Sake has played a central role in Japanese life and culture for the past 2,000 years, and the knowledge and techniques involved in sake brewing have spread to every corner of the nation. In fact, sake is such an integral part of the Japanese diet that having some knowledge of it can add to one’s understanding of Japanese history, culture, and society, as well as of the social environment in Japan today.
Made primarily from rice, sake is a fermented beverage brewed using koji, yeast and water. It has an alcohol content of from 13% to 16%. The quality of water used in brewing sake is incredibly important. Brewers take advantage of the various kinds of natural water available in Japan to make excellent sake. The producers of shimizu-no-mai are proud to create their artisan sake with what is considered to be the purest water since the time of the Samurai.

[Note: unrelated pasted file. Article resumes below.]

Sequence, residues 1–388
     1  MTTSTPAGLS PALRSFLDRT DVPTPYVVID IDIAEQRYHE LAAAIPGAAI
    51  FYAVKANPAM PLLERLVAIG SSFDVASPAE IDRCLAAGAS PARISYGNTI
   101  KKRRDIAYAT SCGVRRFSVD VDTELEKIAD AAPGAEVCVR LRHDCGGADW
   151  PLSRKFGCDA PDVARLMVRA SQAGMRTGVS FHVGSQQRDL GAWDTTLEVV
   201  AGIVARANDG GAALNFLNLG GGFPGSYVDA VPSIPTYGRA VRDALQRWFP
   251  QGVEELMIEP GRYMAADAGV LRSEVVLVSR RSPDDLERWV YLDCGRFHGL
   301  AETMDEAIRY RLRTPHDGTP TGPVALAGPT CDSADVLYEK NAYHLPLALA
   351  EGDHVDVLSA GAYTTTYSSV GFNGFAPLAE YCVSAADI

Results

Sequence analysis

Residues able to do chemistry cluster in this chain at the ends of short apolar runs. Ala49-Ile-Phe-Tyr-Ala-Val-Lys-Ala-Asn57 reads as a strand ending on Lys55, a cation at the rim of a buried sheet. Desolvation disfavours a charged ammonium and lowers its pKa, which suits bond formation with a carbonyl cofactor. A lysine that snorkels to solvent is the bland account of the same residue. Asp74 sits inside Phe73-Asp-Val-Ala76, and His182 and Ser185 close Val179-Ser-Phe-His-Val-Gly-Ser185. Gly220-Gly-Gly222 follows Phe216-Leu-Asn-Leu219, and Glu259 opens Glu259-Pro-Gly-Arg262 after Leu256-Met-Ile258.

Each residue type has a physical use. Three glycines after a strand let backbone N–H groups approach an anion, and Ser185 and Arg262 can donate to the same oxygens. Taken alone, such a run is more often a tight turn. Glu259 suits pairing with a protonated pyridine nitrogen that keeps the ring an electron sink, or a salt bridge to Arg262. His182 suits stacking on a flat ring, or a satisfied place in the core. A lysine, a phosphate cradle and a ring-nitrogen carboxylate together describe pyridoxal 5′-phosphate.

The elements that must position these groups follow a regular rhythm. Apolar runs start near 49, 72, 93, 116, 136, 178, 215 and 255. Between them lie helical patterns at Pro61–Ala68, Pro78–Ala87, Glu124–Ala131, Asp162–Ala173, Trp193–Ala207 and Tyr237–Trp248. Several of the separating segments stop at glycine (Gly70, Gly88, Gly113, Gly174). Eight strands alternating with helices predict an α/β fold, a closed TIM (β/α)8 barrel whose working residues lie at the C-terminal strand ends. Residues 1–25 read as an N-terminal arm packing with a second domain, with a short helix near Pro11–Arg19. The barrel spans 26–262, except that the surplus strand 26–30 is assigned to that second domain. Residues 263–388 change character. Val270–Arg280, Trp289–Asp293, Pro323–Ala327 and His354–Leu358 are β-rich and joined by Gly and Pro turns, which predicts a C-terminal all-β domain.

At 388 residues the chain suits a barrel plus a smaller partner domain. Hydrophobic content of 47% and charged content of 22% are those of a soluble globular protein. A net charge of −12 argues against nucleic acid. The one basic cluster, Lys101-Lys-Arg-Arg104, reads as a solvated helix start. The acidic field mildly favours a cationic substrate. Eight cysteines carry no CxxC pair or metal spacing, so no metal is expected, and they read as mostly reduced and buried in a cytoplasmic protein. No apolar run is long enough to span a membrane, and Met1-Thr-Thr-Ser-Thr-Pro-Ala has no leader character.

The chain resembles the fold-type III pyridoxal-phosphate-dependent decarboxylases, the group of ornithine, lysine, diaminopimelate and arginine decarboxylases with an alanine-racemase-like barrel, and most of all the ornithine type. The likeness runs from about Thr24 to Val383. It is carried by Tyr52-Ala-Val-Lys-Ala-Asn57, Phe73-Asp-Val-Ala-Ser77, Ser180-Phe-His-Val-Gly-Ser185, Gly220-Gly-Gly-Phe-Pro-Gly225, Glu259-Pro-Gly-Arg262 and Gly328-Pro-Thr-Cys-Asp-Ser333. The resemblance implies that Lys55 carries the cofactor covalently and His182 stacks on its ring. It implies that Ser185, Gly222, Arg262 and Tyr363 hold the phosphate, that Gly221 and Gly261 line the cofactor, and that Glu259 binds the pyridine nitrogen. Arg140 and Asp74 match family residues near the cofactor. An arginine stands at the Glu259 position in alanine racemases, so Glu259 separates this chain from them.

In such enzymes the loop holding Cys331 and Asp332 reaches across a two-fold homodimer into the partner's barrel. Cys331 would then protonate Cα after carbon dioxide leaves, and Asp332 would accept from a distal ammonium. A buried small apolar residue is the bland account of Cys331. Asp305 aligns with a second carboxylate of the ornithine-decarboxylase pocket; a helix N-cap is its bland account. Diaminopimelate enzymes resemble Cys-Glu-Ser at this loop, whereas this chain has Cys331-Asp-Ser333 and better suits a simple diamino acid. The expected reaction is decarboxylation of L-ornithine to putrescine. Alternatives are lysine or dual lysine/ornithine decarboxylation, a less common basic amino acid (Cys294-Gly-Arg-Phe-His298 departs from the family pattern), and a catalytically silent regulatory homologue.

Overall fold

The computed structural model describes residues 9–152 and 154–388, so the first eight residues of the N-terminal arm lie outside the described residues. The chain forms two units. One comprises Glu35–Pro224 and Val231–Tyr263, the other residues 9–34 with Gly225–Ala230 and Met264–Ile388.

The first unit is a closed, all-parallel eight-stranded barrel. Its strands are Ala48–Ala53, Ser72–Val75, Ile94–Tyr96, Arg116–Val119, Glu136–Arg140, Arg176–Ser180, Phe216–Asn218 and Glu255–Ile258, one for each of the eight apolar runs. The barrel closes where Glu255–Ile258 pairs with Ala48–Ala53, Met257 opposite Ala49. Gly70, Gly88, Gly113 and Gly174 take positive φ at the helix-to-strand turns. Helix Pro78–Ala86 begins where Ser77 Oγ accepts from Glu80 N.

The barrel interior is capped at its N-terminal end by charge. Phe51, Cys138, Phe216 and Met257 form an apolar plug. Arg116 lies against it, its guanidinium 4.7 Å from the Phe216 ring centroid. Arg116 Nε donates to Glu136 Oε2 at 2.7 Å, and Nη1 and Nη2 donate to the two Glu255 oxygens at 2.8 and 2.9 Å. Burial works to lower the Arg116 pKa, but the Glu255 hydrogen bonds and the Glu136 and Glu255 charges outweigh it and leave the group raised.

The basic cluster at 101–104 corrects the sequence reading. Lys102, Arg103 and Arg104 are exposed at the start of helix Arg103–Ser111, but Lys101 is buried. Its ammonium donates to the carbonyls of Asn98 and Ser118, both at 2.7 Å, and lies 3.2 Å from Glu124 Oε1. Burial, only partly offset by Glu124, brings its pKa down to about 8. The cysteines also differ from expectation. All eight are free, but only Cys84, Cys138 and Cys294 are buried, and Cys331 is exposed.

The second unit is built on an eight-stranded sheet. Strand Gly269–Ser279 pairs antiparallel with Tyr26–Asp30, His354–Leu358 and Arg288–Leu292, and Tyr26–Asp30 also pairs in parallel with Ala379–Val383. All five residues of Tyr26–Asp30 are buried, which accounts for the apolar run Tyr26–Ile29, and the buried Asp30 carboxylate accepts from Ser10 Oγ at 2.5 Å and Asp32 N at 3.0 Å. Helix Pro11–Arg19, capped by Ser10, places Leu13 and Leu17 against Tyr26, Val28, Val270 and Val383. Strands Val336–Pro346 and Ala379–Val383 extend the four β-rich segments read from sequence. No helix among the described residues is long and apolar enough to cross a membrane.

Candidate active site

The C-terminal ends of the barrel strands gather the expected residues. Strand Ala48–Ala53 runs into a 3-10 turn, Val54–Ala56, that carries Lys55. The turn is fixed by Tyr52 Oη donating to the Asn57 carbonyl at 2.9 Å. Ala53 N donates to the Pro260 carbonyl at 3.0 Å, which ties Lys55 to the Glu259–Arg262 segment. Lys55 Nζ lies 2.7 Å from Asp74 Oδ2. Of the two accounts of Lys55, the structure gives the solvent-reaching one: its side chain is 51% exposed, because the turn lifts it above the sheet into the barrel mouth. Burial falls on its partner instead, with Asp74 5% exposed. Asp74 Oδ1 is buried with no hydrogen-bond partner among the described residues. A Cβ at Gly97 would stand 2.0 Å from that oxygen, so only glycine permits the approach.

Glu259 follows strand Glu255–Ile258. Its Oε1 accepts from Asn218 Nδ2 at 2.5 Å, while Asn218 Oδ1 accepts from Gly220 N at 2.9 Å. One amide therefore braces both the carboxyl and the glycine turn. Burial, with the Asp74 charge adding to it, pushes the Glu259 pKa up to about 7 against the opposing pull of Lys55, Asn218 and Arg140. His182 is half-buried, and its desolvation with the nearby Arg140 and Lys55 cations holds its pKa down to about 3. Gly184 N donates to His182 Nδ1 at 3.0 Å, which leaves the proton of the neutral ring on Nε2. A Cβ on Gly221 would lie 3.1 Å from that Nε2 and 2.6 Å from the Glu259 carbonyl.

Though the brewing process and availability of sake has changed over the years, sake's important role in Japanese culture has not. From its earliest beginnings sake has been a drink of reverence, family, and friendship, consumed to mark important occasions. Because it is meant to be enjoyed with friends and family, tradition holds that a person must never pour their own sake; instead another person pours for you, and you do the same for them. For thousands of years sake has been a major part of Japanese life, and its popularity is now increasing on the international stage.